ROME (Reuters) - Menachem Rosensaft, the son of two Holocaust survivors who became an international lawyer specialising in genocide, has spent much of his life trying to reconcile the horrors of the past with his Jewish faith.
Rosensaft was born in 1948 in military barracks housing displaced persons, including survivors like his mother of the nearby Bergen-Belsen Nazi concentration camp. His father survived five camps, including Auschwitz and Bergen-Belsen.
Around 50,000 prisoners died at Bergen-Belsen, among them Anne Frank. When British forces freed the camp in 1945, they found some 60,000 survivors, but nearly 14,000 died within two months from disease and malnutrition.
Rosensaft, an American, has turned to poetry to reflect in verse not only on the Holocaust but also recent attempts at genocide, such as in Bosnia and Rwanda, and also tackles racism and intolerance.
“We know there are neo-Nazi forces, there are white supremacist forces in all parts of the world who, if allowed to, will perpetrate horrific acts, crimes against humanity, genocide against the other,” Rosensaft said in a video interview from his home in New Jersey.
“And ‘the other’ can be Jews, Roma, Muslims, it can be the immigrant and the LGBTQ community and we all have to be on guard.”
His book of verse, “Poems Born in Bergen-Belsen”, is being published in April by Kelsay Books to coincide with Yom Hashoah, the Jewish day of remembrance for Holocaust victims on April 9 and the anniversary of the liberation of Bergen-Belsen on April 15, 1945.
Rosensaft, who has visited Bergen-Belsen more than 25 times, wrestles in some of the 82 poems with what he called “ghosts of those who will not leave” places where they were killed.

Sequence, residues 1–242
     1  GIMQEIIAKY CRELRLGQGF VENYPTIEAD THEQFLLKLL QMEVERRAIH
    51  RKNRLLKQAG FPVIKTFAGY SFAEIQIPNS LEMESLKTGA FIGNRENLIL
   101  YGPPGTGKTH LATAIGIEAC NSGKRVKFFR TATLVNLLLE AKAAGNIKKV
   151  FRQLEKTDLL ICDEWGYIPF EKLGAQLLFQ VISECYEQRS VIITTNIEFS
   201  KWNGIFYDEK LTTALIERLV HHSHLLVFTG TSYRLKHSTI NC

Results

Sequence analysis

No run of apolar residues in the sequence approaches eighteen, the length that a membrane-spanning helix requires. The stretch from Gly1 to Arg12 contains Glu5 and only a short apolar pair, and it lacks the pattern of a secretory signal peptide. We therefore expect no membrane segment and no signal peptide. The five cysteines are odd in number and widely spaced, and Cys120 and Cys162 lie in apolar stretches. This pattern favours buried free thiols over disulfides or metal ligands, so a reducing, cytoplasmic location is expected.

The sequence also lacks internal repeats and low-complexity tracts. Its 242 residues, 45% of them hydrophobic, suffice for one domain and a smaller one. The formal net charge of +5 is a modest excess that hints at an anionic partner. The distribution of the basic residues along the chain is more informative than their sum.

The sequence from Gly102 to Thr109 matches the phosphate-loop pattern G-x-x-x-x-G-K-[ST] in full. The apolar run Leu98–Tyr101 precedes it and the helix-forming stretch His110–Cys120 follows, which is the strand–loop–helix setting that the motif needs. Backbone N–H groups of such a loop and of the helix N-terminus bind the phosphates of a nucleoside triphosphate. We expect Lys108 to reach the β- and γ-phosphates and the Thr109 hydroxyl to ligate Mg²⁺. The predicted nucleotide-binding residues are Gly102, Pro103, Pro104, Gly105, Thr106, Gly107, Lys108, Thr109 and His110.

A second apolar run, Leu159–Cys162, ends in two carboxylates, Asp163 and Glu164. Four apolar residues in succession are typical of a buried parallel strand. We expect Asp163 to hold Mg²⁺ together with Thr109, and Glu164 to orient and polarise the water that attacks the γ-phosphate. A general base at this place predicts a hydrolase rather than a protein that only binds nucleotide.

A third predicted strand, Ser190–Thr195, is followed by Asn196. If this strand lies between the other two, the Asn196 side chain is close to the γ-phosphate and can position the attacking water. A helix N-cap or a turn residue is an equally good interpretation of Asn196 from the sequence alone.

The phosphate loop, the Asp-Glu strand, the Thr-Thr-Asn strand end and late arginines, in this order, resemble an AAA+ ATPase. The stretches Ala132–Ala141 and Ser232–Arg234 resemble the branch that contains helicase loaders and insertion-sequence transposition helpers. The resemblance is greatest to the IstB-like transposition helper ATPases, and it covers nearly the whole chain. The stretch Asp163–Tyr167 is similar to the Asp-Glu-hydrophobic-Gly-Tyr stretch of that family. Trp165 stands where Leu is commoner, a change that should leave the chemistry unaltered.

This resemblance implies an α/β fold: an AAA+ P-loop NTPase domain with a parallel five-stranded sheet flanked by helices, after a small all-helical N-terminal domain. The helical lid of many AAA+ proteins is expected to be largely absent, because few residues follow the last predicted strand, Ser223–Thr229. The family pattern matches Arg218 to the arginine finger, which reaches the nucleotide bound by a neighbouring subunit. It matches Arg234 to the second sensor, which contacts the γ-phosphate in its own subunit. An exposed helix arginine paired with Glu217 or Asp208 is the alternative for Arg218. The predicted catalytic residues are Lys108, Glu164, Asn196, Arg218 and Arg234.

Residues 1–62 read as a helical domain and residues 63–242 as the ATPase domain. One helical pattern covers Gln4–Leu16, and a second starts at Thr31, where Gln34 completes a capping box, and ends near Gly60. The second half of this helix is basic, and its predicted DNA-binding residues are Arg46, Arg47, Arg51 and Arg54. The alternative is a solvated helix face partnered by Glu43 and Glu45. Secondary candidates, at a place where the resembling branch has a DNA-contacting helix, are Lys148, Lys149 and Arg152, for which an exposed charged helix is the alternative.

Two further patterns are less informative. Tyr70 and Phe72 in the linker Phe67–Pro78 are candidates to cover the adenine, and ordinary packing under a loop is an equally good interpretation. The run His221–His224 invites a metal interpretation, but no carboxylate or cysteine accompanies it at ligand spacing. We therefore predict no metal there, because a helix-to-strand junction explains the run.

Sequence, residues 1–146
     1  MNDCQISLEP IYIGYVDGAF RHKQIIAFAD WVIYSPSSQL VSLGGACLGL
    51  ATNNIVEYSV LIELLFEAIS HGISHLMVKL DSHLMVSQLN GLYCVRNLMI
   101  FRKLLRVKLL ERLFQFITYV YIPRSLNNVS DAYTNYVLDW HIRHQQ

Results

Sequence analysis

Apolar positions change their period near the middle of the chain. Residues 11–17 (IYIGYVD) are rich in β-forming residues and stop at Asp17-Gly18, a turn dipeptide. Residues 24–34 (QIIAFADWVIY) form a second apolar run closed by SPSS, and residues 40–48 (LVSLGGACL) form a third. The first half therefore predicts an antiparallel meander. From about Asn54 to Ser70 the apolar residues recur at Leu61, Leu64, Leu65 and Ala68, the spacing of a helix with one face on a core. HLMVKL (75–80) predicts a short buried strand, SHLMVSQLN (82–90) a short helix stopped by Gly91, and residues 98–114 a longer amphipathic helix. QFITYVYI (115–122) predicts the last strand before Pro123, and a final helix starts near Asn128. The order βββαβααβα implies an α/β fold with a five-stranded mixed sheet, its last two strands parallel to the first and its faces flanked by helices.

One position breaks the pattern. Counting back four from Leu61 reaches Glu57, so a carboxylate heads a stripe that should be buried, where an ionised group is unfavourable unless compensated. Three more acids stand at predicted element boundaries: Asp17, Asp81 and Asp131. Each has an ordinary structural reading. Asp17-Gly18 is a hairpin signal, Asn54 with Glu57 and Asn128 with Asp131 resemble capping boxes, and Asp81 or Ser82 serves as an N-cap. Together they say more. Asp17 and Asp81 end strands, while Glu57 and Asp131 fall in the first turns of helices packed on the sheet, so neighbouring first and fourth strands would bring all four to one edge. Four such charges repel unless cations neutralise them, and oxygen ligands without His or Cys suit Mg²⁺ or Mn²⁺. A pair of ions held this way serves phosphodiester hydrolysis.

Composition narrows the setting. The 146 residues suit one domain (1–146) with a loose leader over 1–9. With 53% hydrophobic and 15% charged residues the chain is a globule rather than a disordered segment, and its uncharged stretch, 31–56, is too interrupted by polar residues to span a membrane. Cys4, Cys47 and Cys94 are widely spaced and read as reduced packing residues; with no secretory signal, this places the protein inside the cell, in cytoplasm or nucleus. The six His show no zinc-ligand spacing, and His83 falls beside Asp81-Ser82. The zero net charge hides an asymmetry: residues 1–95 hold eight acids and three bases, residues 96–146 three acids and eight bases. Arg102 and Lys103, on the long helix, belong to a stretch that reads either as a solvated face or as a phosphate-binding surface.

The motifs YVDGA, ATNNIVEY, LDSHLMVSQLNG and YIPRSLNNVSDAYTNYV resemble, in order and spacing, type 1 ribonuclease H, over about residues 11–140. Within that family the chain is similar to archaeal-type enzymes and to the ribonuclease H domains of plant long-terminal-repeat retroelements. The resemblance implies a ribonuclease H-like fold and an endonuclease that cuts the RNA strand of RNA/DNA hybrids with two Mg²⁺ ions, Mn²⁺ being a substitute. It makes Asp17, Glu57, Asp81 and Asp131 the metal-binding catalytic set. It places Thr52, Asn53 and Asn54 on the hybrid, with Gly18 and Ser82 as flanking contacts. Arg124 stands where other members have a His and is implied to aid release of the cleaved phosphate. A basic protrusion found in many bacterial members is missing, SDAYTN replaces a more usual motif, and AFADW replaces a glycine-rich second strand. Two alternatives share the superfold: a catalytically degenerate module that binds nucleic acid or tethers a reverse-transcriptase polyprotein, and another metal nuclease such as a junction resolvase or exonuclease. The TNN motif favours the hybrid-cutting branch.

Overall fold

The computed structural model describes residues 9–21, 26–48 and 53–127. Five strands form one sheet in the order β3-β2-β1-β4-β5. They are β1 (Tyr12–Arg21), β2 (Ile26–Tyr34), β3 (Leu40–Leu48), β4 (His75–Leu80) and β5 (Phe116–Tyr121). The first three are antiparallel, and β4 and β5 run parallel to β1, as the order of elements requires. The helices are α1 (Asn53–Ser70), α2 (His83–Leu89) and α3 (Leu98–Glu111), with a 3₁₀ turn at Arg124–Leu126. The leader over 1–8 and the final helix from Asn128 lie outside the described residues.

“I try to figure out in my own head what has happened to them, what are they doing, what is going on with the landscape which they still inhabit because they don’t have a cemetery, they don’t have a graveyard,” he said. “Their graveyard is the sky.”
He writes of clean-shaven guards humming Mozart as they select who will live and who will die and then ending their shift “with a bored smile before dinner”.
Children inhabit many poems, inspired by his half-brother Benjamin, who at five-and-a-half years old was killed alongside his father and grandparents on arrival at Auschwitz in 1943.
As guards herded them to the gas chamber, Benjamin asked his mother if they were going to live or die. She did not answer. Benjamin would be 83 today.
When Rosensaft’s mother died in 1997, he realised that the only place Benjamin now lived was inside him.
“I see his face, I try to imagine his voice, I try to imagine his pain, his fear, his anguish and the one thing I know is that if I didn’t remember him he would disappear,” Rosensaft said.
He said he writes about children killed in the Holocaust to give them “a measure of immortality”.
A religiously committed Jew, Rosensaft’s relationship with God is troubled.
One poem, “Psalm 13, Post-Auschwitz,” starts by telling God:
“You hid Your face
ignored Your world
while flesh-fueled flames pierced the sky”
and ends telling him:
“it is too late.”
Reporting By Phil Pullella; Editing by Raissa Kasolowsky
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